Looking at the Second Rodney King Trial

I was glad to see in the editorial "Justice in King Trial II," Aug. 11, the recommendation for unbiased judgment in this second trial of four police officers who beat black motorist Rodney King. There seems to be a double standard at work: one to scrutinize law enforcement for possible faults in procedure, the other to overlook or minimize criminal misdeeds.

As this trial proceeds, we read surprisingly little about King's three arrests since the one that caused such chaos or of his arrests that preceded it. King is seen as a pathetic victim of racial persecution. This is due mainly to segments of a videotape shown unceasingly by the media, and one which our society has taken as the whole truth.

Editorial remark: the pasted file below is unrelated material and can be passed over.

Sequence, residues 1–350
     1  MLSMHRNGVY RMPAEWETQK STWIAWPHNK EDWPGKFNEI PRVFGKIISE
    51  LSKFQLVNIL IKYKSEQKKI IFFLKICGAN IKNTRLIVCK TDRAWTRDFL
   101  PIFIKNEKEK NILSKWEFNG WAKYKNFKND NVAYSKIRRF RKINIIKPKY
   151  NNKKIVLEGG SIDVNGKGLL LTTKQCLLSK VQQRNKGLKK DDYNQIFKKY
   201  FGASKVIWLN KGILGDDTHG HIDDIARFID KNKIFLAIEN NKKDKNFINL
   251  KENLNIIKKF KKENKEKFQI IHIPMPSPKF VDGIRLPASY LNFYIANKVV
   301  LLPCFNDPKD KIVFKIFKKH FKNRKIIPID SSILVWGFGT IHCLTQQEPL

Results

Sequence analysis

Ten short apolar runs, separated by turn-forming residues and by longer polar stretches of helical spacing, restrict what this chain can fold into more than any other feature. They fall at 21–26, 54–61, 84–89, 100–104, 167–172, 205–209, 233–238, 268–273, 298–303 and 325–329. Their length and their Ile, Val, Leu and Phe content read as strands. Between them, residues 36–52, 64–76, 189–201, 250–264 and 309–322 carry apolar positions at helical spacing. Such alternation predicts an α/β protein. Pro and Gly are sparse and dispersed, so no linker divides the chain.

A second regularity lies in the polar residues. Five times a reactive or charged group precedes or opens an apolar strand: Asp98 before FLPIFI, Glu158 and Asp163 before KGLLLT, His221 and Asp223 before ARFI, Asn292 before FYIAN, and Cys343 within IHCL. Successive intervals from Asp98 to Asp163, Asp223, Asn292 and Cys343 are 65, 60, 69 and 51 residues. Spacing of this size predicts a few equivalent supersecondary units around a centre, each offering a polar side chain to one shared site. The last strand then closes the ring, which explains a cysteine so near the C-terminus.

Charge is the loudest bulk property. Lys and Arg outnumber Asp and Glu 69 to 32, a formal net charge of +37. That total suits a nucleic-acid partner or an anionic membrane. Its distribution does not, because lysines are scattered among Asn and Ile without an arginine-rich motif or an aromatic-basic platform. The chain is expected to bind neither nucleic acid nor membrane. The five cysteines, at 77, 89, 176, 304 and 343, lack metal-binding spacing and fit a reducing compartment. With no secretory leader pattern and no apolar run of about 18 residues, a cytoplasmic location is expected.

As these law officers endure this second trial, it is well for their jurors to remember that they were in the line of duty. If what might appear as excessive force was used to meet King's persistent resistance, that should not change the perspective that the police were dealing with blatant crime. The criminal cause does not deserve turning everything upside down to serve it. Judy Patterson, Bakersfield, Calif.

Letters are welcome. Only a selection can be published, subject to condensation, and none acknowledged. Please address them to "Readers Write," One Norway St., Boston, MA 02115.

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